Median Annual Salary - $69,850
Projected Growth Rate - 10%


Working alongside other broadcasting professionals, television meteorologists review weather patterns and convey information about atmospheric movements to the general public. Entry level positions require a bachelor's degree, but competition in the field makes those with a master's degree more attractive candidates.

Median Annual Salary - $92,460
Projected Growth Rate - 9%

Public Relations Specialist

Working under the guidance of public relations managers, PR specialists develop and maintain favorable public images for the individuals, organizations, and agencies they serve. They may operate as a consultant for multiple clients, or as an in-house specialist for one company. PR specialists with master's degrees are well-placed for career advancement.

Median Annual Salary - $58,020
Projected Growth Rate - 6%


Whether working for a small-town newspaper or as a foreign correspondent for a major news network, journalists are a tight-knit group of professionals who support one another and defend their rights to inform the public. A large number of journalist associations bring these professionals together to ensure their individual and collective success.

Online master's degrees in journalism can be a worthwhile financial investment for those who aspire to the highest positions in the field. However, paying for an advanced degree can be a challenge. Before resigning themselves to endless debt, students should first complete the Free Application for Federal Student Aid (FAFSA) to learn about government scholarships, grants, loans, and workstudy programs. It's also valuable to check with nonprofit organizations, foundations, and university departments to learn about scholarships and grants awarded on the basis of need and/or merit.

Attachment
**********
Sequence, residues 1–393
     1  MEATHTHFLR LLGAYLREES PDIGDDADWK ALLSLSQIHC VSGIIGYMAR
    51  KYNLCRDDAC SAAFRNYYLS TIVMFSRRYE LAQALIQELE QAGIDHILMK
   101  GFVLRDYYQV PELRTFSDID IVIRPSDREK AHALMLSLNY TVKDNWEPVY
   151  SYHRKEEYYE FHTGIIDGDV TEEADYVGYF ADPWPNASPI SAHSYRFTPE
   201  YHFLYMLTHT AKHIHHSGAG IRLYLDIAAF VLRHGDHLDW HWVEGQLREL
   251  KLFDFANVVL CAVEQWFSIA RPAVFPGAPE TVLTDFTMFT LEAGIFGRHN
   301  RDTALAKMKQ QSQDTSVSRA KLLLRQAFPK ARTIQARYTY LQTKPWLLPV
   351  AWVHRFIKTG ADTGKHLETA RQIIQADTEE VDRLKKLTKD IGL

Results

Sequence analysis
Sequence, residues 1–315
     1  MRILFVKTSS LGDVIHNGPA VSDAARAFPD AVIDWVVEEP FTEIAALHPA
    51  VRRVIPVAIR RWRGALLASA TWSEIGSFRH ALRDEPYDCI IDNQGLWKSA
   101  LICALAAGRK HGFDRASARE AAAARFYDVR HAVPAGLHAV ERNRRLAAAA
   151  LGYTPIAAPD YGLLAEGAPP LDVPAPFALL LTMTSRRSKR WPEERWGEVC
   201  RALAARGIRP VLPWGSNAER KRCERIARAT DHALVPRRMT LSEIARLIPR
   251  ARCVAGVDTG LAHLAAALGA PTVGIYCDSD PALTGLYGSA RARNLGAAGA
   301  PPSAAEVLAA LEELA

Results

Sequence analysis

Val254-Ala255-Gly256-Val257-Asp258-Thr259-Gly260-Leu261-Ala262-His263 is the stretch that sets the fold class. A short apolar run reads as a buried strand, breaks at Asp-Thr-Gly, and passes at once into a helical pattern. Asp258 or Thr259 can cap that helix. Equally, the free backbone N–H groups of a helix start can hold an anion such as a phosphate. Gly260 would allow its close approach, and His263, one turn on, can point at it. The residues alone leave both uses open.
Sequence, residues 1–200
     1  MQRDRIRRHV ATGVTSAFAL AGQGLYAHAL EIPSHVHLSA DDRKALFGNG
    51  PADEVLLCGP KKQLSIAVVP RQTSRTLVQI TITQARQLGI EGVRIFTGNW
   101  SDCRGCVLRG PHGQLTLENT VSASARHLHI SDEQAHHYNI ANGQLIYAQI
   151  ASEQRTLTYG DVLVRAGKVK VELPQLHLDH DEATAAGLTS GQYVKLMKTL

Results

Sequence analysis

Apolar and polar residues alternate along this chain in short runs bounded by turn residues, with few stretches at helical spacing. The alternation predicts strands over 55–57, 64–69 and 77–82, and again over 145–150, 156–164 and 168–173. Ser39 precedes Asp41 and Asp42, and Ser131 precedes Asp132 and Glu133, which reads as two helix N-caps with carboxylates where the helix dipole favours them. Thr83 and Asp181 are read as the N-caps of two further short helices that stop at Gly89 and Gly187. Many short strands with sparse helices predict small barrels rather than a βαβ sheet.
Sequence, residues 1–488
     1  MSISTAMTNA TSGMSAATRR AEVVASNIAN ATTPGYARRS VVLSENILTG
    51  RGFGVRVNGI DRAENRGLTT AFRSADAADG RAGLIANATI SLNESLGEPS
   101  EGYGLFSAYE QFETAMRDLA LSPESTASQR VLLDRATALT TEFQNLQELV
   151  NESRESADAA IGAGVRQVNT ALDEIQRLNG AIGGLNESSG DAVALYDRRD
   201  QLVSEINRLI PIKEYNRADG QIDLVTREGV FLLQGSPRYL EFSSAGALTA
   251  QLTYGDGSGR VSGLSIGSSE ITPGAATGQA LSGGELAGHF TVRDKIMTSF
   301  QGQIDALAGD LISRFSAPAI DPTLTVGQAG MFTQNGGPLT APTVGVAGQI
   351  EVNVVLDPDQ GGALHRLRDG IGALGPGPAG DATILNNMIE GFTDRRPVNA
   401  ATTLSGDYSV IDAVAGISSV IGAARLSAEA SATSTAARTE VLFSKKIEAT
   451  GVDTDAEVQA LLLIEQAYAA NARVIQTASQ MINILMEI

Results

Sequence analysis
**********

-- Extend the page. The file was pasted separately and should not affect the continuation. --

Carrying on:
Approximately two-thirds of today's college students rely on loans to fund their education, but there are plenty of overlooked financing options you can use to reduce your overall student debt.


Completing the Free Application for Federal Student Aid (FAFSA) is a crucial first step for any student with financial needs. Our FAFSA guide features a step-by-step rundown on the process and answers to several frequently asked questions.


Financial aid for online learning is equivalent to what you'll find for campus-based learning, but that hasn't always been the case. Learn about the changes that have taken place, as well as the different funding opportunities available to online students.


Online college programs can be a flexible, affordable option for single parents who are interested in earning a degree and securing their family's financial future. We've compiled a list of scholarships, grants, and other financial aid options geared toward single moms and dads.


Millions of dollars in free money is available to U.S. military personnel, but much of it goes unused. Learn more about grants, scholarships, and other financial aid opportunities available to veterans, active-duty service members, and reservists.